"Sexual abuse is a topic that needs to be talked about and this story needs to be told," Maggie Nichols tells PEOPLE

By Lindsay Kimble
June 25, 2020 01:26 PM
Maggie Nichols
Harry How/Getty

In late May, gymnast Maggie Nichols was named Big 12 Conference Female Athlete of the Year. It was, she says, the "icing on the cake to an incredible career at the University of Oklahoma and my gymnastics career as a whole."

Her success as a collegiate athlete is all the more impressive, considering her journey was almost derailed by USA Gymnastics and Larry Nassar.

Nichols, now 22, was the first brave athlete to report that former USA Gymnastics team doctor Larry Nassar had sexually abused her. Her story — and that of the hundreds of other young athletes assaulted by Nassar — is documented in the new Netflix film Athlete A from filmmakers Bonni Cohen and Jon Shenk.

"I felt comfortable opening up about my experience as part of this documentary because I felt that sharing my story could help others who have either had similar experiences and or educate those who are unaware," Nichols tells PEOPLE. "Sexual abuse is a topic that needs to be talked about and this story needs to be told."

Nichols began competing at a young age, entering junior events in 2011 then progressing to the senior level. In 2015, she earned two world championship medals — a team gold and an individual bronze in the floor exercise. That same year, she reported Nassar's abuse, which she has said happened while she was competing on the national team.

USA Gymnastics did not take immediate action in response to Nichols' claims. And soon after, she didn't make the 2016 Olympics team despite being a top contender and finisher at the Olympic trials.

In Athlete A, Nichols' mother, Gina Nichols, says, "USA Gymnastics took Maggie's Olympic dream away from her. It was just so hurtful and so painful, everything that happened."

Nichols — as an unidentified plaintiff (thus, "Athlete A") — sued USA Gymnastics, the U.S. Olympic Committee, and Michigan State University, where Nassar was also employed until 2016. In May 2018, Michigan State paid a $500 million settlement in response to lawsuits, with over $400 million going to the 332 victims that had then come forward — including Nichols.

The gymnast then publicly revealed the abuse in 2018. That year Nassar was sentenced to up to 175 years in prison for sexually abusing women and girls for decades.


Recounting it, again, for the documentary was "extremely difficult," Nichols tells PEOPLE.

"I have bad days and I have good days but it is something that seems to always cross my mind and can be a struggle on a day to day basis," she says. "It was hard to film a lot of the interviews because talking about what happened to me and so many others is extremely difficult and something I really struggle with but it was important."

She's lucky to have a support system in the many other survivors who have accused Nassar. "Knowing that I wasn’t alone and had others that I could lean on was something that inspired me every day," Nichols says.

Nassar's accusers are still fighting for answers, and this month issued a letter to the Justice Department asking that the inspector general's report on the FBI's role in the scandal be released to the public.

"There is a lot I would say to USA Gymnastics," Nichols says. "I am extremely disappointed, heartbroken, and [USAG] all failed each of us as well as your one job of keeping us all safe. Unacceptable."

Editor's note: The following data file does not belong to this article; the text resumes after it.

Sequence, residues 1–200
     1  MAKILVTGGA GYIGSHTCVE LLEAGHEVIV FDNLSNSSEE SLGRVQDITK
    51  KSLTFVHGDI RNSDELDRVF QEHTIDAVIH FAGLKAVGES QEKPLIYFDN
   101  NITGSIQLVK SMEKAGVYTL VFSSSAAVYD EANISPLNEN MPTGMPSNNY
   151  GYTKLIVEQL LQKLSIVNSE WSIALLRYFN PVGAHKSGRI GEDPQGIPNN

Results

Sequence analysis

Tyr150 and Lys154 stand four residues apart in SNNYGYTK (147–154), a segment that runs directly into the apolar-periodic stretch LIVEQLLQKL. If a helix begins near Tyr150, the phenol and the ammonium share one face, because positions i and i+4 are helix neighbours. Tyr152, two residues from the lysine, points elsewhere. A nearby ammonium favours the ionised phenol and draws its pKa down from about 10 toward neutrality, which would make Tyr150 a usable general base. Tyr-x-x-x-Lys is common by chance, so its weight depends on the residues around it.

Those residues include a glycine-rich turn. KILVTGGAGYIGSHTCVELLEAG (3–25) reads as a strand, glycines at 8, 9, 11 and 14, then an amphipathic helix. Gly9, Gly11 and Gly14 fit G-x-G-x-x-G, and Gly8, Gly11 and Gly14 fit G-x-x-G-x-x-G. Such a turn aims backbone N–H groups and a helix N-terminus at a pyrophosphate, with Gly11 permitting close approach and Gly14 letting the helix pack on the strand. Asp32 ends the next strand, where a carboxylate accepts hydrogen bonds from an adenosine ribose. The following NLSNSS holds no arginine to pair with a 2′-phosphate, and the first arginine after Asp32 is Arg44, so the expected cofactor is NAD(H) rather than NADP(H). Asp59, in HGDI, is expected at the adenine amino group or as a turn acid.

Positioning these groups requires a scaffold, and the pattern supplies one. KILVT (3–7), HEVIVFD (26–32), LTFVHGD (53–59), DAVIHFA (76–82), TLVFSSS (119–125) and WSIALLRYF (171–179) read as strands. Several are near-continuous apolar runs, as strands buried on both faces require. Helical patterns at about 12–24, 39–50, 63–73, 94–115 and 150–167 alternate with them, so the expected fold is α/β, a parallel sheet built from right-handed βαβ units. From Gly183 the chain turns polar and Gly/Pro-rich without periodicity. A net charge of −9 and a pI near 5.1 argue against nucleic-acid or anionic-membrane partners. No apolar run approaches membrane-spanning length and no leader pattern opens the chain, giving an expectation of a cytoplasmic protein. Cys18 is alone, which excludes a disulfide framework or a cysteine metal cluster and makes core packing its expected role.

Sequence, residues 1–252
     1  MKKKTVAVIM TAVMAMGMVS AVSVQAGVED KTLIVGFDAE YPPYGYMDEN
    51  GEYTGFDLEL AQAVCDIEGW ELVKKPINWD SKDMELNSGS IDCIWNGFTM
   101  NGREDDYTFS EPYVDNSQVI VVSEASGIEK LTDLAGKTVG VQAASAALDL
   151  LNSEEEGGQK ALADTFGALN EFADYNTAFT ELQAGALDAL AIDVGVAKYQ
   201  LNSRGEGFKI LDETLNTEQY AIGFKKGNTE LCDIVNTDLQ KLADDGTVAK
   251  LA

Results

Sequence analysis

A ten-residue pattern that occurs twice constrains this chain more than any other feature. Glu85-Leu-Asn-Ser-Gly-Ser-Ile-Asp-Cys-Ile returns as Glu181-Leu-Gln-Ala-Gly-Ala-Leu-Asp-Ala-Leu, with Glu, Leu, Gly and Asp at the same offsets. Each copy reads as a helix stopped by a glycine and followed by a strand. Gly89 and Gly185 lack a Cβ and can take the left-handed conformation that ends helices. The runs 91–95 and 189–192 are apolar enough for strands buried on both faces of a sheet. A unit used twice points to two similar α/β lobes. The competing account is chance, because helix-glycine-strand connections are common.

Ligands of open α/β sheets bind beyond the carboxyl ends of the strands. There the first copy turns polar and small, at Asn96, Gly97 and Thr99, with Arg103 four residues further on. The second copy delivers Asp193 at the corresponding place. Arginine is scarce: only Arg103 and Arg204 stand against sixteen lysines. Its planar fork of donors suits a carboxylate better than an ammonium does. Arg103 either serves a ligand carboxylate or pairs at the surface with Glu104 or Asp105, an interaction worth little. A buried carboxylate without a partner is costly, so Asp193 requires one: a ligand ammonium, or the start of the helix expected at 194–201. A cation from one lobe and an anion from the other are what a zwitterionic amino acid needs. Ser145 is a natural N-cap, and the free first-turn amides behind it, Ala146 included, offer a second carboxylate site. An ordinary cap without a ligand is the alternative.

USA Gymnastics said in a statement in response to the documentary that they are "deeply committed to learning from the mistakes of the past and the mishandling of the horrific abuse perpetrated by Larry Nassar. In order to do that, we must listen with open hearts to Maggie Nichols' story, and the experiences of other survivors, so that we can truly understand the impact it had, and the circumstances that led to it and enabled it for too long."

"Because of the bravery of Maggie and other survivors who have come forward, there have been transformational reforms across the sport," the statement continued, in part. "Within USA Gymnastics, under an entirely new leadership team, we have implemented stronger policies and preventative measures, launched multiple educational efforts, and made sweeping organizational, leadership and personnel changes. Most importantly, we have prioritized changing the sub-culture within our community that allowed this to happen. We owe these survivors an incredible debt of gratitude for igniting these changes across the sport."

Nichols stepped away from elite gymnastics for several reasons she says, including the need for a more "positive scene" — which she found on the collegiate level.

"I felt so much more love, support, and excitement every minute of being a part of OU," she says. "From the coaches to the trainers, the athletes, the administration, and so on and so forth, I felt a new love for the sport of gymnastics and I am forever thankful I made the decision to go the collegiate route."

Now Nichols — who has one more semester left before graduation and then hopes to get a Master's degree — is looking forward while looking back.

"I hope viewers learn the importance of bringing to light sexual abuse and just how horrible this case is," she says of Athlete A. "I hope that they learn and can educate themselves around what has happened and that it unfortunately can happen to anyone at anytime. I hope it educates themselves on ways to protect themselves and those around them from sexual abuse."

Stream Athlete A on Netflix.